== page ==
This idea of what things should be refereed by computer vs. the human is fascinating. I see an analogy to Zeno's Dichotomy Paradox, with every advance in technology we get a little closer to perfection, and yet I'm not sure if achieving this will ever be possible.

As technology improves, don't humans just get better at parsing the room left for interpretation? You will lose 3:30 of your life if you watch this video, so don't watch it, but it's a real time playing out of an out-of-bounds call that the refs have a hard time figuring out via instant replay.

You could envision a technological solution that solves all of the issues seen here: add more cameras, improve the frame rate, get more computers to process the data, put lasers on the sidelines, add a sensor in the basketball, the list goes on.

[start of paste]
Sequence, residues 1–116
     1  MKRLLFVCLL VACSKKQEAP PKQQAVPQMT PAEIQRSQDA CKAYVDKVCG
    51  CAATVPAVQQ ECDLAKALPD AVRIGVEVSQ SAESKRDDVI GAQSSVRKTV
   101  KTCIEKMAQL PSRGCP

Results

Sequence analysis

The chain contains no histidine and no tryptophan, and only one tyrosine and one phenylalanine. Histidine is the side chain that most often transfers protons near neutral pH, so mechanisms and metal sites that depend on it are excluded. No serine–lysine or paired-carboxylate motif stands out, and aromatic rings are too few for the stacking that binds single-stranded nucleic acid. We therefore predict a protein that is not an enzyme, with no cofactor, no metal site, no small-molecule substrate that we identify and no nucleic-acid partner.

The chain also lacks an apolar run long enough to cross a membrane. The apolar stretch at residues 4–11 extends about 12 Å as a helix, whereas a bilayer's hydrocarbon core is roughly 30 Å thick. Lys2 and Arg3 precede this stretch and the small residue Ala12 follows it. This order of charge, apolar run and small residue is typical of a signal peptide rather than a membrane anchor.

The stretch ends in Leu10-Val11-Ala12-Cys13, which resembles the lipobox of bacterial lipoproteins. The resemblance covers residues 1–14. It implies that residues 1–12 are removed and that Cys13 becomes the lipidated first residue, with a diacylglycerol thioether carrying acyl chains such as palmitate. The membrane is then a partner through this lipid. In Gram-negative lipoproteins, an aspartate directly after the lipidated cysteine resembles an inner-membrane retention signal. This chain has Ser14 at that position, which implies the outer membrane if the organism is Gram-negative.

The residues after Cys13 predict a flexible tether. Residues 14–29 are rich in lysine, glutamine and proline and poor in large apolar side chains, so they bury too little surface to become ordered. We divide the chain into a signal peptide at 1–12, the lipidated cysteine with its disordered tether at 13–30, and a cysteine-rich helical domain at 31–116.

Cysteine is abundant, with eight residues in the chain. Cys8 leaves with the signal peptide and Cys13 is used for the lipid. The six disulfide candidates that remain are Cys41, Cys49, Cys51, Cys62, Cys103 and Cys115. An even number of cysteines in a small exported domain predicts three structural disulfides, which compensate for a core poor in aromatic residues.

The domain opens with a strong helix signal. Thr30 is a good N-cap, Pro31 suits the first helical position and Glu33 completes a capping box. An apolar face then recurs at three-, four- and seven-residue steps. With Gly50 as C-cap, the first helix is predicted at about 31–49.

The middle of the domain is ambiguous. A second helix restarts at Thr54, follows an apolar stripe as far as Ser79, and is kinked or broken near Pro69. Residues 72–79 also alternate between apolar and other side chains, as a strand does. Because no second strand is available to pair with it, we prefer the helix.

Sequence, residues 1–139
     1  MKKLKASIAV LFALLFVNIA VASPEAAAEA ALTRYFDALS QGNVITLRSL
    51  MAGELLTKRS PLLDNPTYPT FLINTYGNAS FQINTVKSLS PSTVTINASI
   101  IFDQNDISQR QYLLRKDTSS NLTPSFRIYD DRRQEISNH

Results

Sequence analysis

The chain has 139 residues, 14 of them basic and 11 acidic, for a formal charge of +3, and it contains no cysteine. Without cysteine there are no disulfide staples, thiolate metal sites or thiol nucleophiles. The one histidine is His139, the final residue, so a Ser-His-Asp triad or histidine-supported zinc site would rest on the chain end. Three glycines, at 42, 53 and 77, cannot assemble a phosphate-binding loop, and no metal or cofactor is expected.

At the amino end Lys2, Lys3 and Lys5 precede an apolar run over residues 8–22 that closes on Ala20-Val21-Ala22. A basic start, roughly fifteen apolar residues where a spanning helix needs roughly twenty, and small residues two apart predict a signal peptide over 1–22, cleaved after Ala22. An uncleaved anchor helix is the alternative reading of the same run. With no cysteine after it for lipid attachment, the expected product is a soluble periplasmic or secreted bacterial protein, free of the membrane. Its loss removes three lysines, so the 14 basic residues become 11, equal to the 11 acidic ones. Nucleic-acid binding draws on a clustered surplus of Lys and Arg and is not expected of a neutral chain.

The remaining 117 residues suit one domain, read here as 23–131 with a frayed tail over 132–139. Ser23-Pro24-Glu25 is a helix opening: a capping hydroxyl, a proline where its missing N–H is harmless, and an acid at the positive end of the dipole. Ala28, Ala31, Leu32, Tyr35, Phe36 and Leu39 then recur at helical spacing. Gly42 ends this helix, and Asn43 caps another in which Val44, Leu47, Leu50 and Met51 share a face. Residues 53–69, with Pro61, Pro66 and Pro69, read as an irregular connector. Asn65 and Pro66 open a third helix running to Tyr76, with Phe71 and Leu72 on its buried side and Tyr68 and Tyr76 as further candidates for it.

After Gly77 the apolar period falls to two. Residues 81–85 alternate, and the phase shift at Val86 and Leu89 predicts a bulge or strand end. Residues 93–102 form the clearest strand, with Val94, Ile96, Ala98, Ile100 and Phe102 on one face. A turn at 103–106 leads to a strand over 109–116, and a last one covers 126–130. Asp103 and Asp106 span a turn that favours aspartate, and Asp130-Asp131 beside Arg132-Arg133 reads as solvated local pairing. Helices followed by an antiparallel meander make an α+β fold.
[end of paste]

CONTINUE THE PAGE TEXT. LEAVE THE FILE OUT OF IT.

And yet, we are humans. Do you really think there's a holy grail of technological perfection that we'll be satisfied with? I see NBA announcers in the year 2049 being fluent in the differences between the version mark 32 officiating robot and why last year's mark 31 was actually more accurate.

You'll then have an "opposition" league starting up that promises "Year 2000" rules with human refs and no instant-replay for anything. This league will become more popular than the NBA and the anti-technology sentiment will help spark the 2050 human rebellion against automation.

(Netflix, I got the spec script all ready to go, let's do this!)
posted by jeremias at 3:12 PM on June 18 [1 favorite]


As a side note, do we know who originated the "When you're accustomed to privilege, equality feels like oppression." quote? This 2016 link looks into it.
posted by AlSweigart at 4:25 PM on June 18